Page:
The first 100 days of a new administration are the most crucial.
Goodwill is strong, optimism soars, ideas are plentiful and motivation is high as the new leaders of a business seek to impose their stamp.
They are allowed to fly kites and throw out new plans and suggestions.
But they can't live in a conceptual ivory tower. They have to start, if not delivering, then putting in place the processes that will allow them to produce the outcomes they have promised.
Stands have been emptying in recent years, and bringing back A-League fans is a huge test of the new regime.Credit:SNPA
For the Australian Professional Football Clubs Association (APFCA) – the umbrella body for the clubs that now control the A-League – those first hundred days represent a great opportunity to roll out a new vision and philosophy.
To their credit they are wasting little time since they took the reins, which is just as well given the state of the game at present, with stagnating crowds, television audiences falling (or migrating to streaming services) and a general sense of ennui having developed about the way the A-League is operating.
They have a mountain of work to do if they are to achieve their aim of rebuilding and rebranding the A-League so that the sport can generate the kind of revenues required to lift it to the level that it needs to be to compete in the marketplace.
The league should get an immediate interest boost this season with the inclusion of Western United, which is seeking to build its identity not just in Tarneit, Geelong and Werribee, but also in all suburbs and regions west of the Westgate Bridge.
Western has assembled what looks like a useful squad with some well-credentialled veterans and some promising youngsters, so they can be expected to be competitive from the outset.
But one new club won't solve all the problems – especially as no one knows just how many fans Western will attract and whether they will prove a drawcard on Fox's television broadcasts or on the streaming services that are now complementing (or replacing) viewers watching on traditional broadcast platforms.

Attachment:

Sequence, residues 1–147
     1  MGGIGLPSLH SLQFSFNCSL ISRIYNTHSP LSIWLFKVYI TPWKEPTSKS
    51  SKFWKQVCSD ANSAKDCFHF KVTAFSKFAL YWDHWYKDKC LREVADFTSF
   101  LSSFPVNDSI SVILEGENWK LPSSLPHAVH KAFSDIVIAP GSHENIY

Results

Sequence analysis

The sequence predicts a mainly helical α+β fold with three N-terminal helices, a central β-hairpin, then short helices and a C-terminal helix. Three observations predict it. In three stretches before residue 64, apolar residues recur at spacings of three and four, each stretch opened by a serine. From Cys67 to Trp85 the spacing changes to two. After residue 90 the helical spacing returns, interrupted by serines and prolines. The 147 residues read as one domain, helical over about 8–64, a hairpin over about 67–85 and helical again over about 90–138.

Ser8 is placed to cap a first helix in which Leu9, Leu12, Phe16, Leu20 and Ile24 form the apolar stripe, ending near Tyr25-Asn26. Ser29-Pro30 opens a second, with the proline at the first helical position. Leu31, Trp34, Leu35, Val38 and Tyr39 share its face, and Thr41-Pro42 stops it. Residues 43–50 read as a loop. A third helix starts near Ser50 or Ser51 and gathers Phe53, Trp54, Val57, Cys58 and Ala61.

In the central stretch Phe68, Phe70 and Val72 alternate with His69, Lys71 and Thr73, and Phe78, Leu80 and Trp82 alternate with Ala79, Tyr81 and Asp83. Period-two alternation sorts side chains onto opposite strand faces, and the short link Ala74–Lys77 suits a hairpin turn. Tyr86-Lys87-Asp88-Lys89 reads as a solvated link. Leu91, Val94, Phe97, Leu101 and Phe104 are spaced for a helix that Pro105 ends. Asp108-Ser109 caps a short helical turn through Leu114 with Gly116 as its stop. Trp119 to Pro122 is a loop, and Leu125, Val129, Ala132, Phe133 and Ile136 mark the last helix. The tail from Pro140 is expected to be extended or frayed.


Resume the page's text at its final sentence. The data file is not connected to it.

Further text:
Heavy investment in marketing has been promised by the new, yet-to-be-named entity that will control the league.
That's gratifying to hear, as it is not before time.
Club owners, who now call the shots, have been seething about the lack of promotion and sizzle in Football Federation Australia's sales pitch for the A-League in recent years.
There have been few memorable campaigns, and certainly nothing to match the groundbreaking and stylish "paint splatter" series of commercials that accompanied the inaugural season kick-off in 2004.
The club chiefs know, however, that a few splashy TV commercials will not be enough.
There has to be a sustained policy of engagement with existing supporters who have become jaded and a push towards re-engagement with those who have abandoned supporting their clubs in recent years.
How best to do that? Opinions vary.
Many people believe signing big names is the answer, and some club chiefs will undoubtedly try to line up a well-known face from Europe in the two months remaining before the season kicks off.
Such players undoubtedly provide a sugar hit and will lift audiences and ratings in the short term. But they will only continue to do so as long as they are performing on the pitch.
And that is not always the case, even though exceptions such as Dwight Yorke, Alessandro Del Piero and Shinji Ono do suggest that they can play a major role if they arrive in good shape and motivated to perform rather than just to pick up a healthy wage packet.
Others – and I tend to be in this group – believe signing talented players rather than big names can have more long-term value and make a telling contribution.
After all, who but serious soccer fans had heard of players such as Carlos Hernandez (Melbourne Victory), Marcos Flores (Adelaide), Thomas Broich (Brisbane), Diego Castro (Perth), Milos Ninkovic and Adrian Mierzejewski (Sydney FC) and Roy Krishna (Wellington) before they came to the A-League?
Yet all of the above became Johnny Warren Medal winners and arguably contributed far more than several bigger names whose influence did not match the reputation that preceded them.
The clock is ticking. The 100 days will run out just after the season kicks off. Plenty needs to be done.
Source: Read Full Article